Or you can fix your bad habits and take the necessary preparations and planning to ensure you get solid food in you, since it’s going to be better in most cases.

The thing is, these bad habits don’t end there. Not planning, prepping, or prioritizing your day well leads to missed workouts, or shitty ones because you’re going into it drained because you’ve hardly eaten all day. Not to mention plenty of other issues which extend further past fitness.

So sure, you could just down a shake to fix the problem now. But why not deal with the root of the issue?

Don’t make meal prepping hard. Pick a meal that fits your needs and make a batch large enough to last 7 meals. Bring a tupperware to work. Even if you don’t have access to a microwave, plenty of things work well cold.

I’ve spent plenty of time working as a carpenter where my lunch and pre-workout meal at the end of my shift are out of a cooler, eaten in my car. You have plenty of options, you just have to be creative, and remember that your goals are more important than your comfort. Being picky with your food isn’t doing you any favors.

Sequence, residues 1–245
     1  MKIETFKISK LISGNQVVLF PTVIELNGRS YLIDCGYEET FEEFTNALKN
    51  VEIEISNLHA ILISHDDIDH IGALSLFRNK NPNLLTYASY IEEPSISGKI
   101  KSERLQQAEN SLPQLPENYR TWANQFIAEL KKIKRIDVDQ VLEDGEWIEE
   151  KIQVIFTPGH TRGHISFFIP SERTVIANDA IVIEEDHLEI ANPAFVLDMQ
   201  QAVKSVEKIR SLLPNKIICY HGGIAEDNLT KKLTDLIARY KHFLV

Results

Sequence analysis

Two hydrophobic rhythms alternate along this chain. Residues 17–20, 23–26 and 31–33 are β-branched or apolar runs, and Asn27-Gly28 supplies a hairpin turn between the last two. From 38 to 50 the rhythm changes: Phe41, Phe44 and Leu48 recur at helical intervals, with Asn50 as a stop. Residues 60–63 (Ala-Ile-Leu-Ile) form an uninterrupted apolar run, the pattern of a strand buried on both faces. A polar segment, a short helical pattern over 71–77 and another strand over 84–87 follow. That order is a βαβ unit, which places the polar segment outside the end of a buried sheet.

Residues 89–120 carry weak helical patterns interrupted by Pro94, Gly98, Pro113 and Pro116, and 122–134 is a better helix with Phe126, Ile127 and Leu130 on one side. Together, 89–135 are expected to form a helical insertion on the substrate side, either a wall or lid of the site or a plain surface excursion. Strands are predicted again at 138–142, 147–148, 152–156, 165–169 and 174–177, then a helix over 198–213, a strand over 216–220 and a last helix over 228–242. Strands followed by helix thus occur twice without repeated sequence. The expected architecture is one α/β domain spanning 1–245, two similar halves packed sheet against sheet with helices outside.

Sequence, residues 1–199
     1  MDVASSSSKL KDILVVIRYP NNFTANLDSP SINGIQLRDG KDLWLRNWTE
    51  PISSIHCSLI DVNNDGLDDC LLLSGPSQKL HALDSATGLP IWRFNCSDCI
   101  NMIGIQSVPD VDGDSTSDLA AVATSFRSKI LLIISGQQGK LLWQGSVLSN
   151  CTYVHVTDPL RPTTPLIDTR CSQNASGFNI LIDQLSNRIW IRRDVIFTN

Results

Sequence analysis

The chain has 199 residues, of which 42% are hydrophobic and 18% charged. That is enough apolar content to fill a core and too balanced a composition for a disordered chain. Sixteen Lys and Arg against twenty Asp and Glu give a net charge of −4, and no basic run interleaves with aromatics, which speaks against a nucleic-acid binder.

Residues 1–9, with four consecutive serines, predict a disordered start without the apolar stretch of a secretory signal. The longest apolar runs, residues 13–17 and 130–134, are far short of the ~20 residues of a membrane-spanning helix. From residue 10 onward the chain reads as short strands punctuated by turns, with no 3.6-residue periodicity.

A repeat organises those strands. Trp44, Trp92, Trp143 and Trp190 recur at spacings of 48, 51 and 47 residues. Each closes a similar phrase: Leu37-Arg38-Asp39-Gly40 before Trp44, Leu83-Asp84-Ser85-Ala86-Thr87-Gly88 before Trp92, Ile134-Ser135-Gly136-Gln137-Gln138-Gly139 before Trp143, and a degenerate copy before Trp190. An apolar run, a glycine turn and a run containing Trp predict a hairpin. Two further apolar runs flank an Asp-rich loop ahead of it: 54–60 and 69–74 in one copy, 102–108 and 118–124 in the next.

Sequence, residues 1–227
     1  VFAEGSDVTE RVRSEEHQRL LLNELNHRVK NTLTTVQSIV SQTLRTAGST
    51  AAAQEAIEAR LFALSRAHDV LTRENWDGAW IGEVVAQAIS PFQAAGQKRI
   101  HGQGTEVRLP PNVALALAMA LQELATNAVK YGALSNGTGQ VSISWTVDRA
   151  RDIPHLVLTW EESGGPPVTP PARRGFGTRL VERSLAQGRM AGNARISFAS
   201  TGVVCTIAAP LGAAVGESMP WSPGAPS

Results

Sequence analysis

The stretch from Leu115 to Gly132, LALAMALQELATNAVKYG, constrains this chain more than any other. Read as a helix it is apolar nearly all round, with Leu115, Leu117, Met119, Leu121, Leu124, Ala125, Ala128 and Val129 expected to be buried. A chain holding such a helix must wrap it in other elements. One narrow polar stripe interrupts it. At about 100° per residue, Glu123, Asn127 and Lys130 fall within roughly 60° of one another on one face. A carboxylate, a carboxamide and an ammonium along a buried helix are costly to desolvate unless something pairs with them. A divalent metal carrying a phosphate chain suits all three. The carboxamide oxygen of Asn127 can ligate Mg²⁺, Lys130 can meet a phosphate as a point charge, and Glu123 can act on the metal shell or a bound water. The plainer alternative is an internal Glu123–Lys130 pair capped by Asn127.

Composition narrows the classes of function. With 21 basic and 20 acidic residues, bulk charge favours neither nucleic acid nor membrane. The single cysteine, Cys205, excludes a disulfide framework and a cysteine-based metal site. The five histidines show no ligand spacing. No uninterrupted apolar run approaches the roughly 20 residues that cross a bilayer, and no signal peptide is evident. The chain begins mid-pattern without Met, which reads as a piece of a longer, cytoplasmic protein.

You could probably just have a protein shake.

In so many of these scenarios, you can just use a protein shake instead.

Even if you’re dieting, protein shakes work great! Especially if you get a good brand, they’re basically all protein. Getting enough protein in is hard as is, so a shake or two through the day is a calorie-conscious way of getting closer to your daily intake needs.

You can easily down a shake for your protein, and eat it with a bunch of fruits and veggies to take advantage of the satiation. Boom. High protein, low calorie, filling meal that you can take with you on the go. Something you can’t do with a meal replacement, because they have too many calories.

If your goal is to gain weight, it’s easy to add calories to your low calorie protein shake. Use whole milk instead of water, or even chocolate milk. Make it a smoothie and add in peanut butter and oats or sugar. Maybe even ice cream or greek yogurt.

The options are endless and you can experiment greatly. With a protein shake, you have the option of going either low or high calorie. You can’t cut calories out of a meal replacement shake.

All this said, are meal replacement shakes terrible? No. But they shouldn’t be your first choice by any means.

Don’t be fooled by all the hype and marketing. These sorts of products fall very low on the list of priorities. It’s vastly more important you learn how to organize your diet to take advantage of ideas like satiation, as well as develop better habits which enhance your chances of succeeding.

But if you can spare the calories and enjoy the shakes? Go right ahead.

If you want to learn more about what actually matters for getting in shape, and building the proper habits to make it last, check out my free course linked here. You’ll also be notified whenever I release new blog content, but you can turn that off whenever you want if you so choose.